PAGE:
|Publication number||US7685796 B2|
|Application number||US 11/560,194|
|Publication date||Mar 30, 2010|
|Filing date||Nov 15, 2006|
|Priority date||Nov 16, 2005|
|Also published as||CN1966390A, CN1966390B, DE602005007250D1, EP1787940A1, EP1787940B1, EP1787940B2, US20070107384|
|Publication number||11560194, 560194, US 7685796 B2, US 7685796B2, US-B2-7685796, US7685796 B2, US7685796B2|
|Inventors||Stefano Capelli, Piero Bielli|
|Original Assignee||Arol Spa|
|Export Citation||BiBTeX, EndNote, RefMan|
|Patent Citations (13), Non-Patent Citations (1), Referenced by (8), Classifications (9), Legal Events (2)|
|External Links: USPTO, USPTO Assignment, Espacenet|
This application claims benefit of European Patent Application Number 05425810.8, filed Nov. 16, 2005, which is herein incorporated by reference.
The present invention relates to a machine and a process for closing containers, in particular for the corking of bottles.
The present invention is applicable to closing systems using caps of any type, such as for example corks, crown caps, screw caps, etc.
The present invention has been particularly developed for corking bottles of sparkling wines. The invention, however, is not limited to this specific application field and can be generally used for corking bottles and containers containing any kind of product.
In the field of the corking of wines, there is the problem of the oxygen of the air existing in the head portion of the bottles. The oxygen which remains trapped to the top of the bottleneck after the application of the cork causes an oxidation process which involves a loss of the organoleptic characteristics of the wine. This oxidation process is especially harmful in case of wines particularly valuable which should preferably maintain intact their characteristics also for many years.
To the wines intended for the bottling, in order to reduce the problems resulting from the oxidations and the development of aerobic bacteria caused by the oxygen existing in the head space of the bottle, it is a current practice to add sulfur dioxide or other chemical additives. Recently, the effects on the human health by the use of these sulfur-based compounds have been especially discussed. The regulations of some countries impose to show on the label of the product the presence of sulfur derivatives, and a possible evolution of the regulation in defense of the consumer in the near future could foresee the obligation of showing the quantity of sulfur compounds existing in the wine.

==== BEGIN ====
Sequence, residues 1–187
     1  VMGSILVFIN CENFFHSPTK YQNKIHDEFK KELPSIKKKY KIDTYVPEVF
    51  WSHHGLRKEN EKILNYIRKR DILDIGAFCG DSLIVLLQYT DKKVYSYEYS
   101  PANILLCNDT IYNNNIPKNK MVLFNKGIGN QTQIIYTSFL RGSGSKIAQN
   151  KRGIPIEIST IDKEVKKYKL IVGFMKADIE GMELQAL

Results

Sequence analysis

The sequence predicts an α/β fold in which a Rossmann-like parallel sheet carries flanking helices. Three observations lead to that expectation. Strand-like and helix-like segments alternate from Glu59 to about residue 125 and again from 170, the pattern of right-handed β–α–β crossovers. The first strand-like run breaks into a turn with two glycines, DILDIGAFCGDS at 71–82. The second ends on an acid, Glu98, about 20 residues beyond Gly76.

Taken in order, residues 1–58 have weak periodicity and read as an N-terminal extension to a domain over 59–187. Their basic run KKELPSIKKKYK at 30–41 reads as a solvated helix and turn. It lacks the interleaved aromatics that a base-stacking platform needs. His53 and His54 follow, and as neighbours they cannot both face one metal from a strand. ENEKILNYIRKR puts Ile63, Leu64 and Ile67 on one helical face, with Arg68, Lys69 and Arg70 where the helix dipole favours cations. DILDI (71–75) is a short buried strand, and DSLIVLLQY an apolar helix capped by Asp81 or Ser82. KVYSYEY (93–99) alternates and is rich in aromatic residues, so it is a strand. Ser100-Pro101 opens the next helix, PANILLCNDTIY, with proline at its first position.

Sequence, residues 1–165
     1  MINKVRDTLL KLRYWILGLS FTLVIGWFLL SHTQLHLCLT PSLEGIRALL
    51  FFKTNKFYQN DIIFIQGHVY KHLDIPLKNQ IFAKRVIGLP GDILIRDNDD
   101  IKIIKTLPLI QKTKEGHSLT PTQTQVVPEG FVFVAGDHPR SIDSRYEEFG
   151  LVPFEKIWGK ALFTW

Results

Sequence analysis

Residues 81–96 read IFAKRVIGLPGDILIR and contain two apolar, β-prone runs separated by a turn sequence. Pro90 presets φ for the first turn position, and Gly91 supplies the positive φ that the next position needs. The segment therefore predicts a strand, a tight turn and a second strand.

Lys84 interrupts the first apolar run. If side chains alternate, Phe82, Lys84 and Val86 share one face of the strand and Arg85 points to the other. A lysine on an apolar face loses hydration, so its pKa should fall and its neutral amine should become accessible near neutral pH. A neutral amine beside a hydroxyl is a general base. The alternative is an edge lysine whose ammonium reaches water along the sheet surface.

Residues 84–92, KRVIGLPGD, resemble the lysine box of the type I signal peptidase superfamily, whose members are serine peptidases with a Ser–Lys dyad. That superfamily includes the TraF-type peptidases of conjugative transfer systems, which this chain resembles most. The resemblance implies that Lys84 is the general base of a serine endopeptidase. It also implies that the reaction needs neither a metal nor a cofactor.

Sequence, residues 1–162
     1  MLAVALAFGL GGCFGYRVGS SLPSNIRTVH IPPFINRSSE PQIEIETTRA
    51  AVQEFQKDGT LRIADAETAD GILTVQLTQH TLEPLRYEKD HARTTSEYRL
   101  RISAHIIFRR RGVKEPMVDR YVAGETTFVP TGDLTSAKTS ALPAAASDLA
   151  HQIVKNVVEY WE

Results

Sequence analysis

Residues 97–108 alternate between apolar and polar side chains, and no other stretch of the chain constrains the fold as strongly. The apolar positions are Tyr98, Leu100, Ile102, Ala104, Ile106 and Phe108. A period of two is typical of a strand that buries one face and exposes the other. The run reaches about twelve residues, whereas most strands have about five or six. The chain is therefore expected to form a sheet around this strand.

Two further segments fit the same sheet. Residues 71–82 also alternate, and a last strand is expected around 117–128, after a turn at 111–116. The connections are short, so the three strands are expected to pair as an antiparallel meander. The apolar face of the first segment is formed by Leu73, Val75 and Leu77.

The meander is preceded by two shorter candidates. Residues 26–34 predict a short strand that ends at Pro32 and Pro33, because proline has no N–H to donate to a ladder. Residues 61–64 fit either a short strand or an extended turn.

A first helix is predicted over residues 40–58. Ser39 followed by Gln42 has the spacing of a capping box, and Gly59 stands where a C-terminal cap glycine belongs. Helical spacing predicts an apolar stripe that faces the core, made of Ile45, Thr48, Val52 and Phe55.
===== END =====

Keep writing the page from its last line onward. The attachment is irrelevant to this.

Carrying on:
In view of the above, the producers of high quality wines have a great interest in developing corking processes which allow to reduce the use of the above chemical additives.
Corking systems which foresee the suction of the air existing in the head portions of the bottles before the application of the cork are already known.
Such systems can not be used, however, for the corking of sparkling wines as the suction of the air from the bottle would inevitably cause a loss of effervescence, which is one of the most important qualities of a valuable sparkling wine.
Therefore, for the sparkling wines the suction of air before the corking is not carried out, but sometimes the injection of an inert gas, typically nitrogen, is used before the corking. The injection systems of inert gas of the known type have however a very reduced efficiency concerning the reduction of the oxygen contained in the bottles after the corking.
The poor efficiency of the injection systems of inert gas of the known type does not allow a substantial reduction of the quantity of sulfur-based additives which must be added on bottling.
The aim of the present invention is to provide a corking machine and a process which allow to overcome the drawbacks above stated. In particular, the aim of the present invention is to provide a corking machine and a process which allow to obtain a substantial reduction of the oxygen existing in the bottles and which, in the particular case of corking of sparkling wines, do not involve a loss of carbon dioxide and therefore of the effervescence.
According to the present invention, such aim is attained by a machine and a corking process having the features forming the object of the claims.
The present invention will now be described in further detail with reference to the enclosed drawings, which are given by mere way of not limitative example, wherein:
The structure and the functioning of the automatic corking unit 12 are not described in detail since, as previously said, the corking unit can be of any known type and its features are well known to a skilled in the art.
The bottling machine 10 includes a conveyor having an inlet section 18 for the feeding of bottles to be corked 20 towards the corking unit 12 and an outlet section 22 for the exit of the corked bottles 24. The conveyor 18, 22 is of the belt-type, usually employed in the bottling sector, which transports continuous arrays of bottles 20, 24 vertically oriented.
In correspondence with the end part of the inlet section 18 of the conveyor, a screw-conveyor device 26 is placed, which spaces apart the bottles to be corked 20 and feeds them to a first transfer wheel 28 (
The bottling machine 10 includes an injection unit 34 arranged upstream of the corking unit 12. The injection unit 34, which can also be mono-head, picks up the bottles to be corked 20 from the wheel 28 and, after an injection of inert gas, sends the bottles to be corked to the corking unit 12 through a second transfer wheel 36.
Referring to the
The rotating support 38 carries a plurality of bottle supports 50, each of which is placed in correspondence with a respective injection head 46. Each bottle support 50 includes a small plate 52 vertically moving, on which, in use, a respective bottle to be corked 20 is abutting.
Always referring to the
Referring to the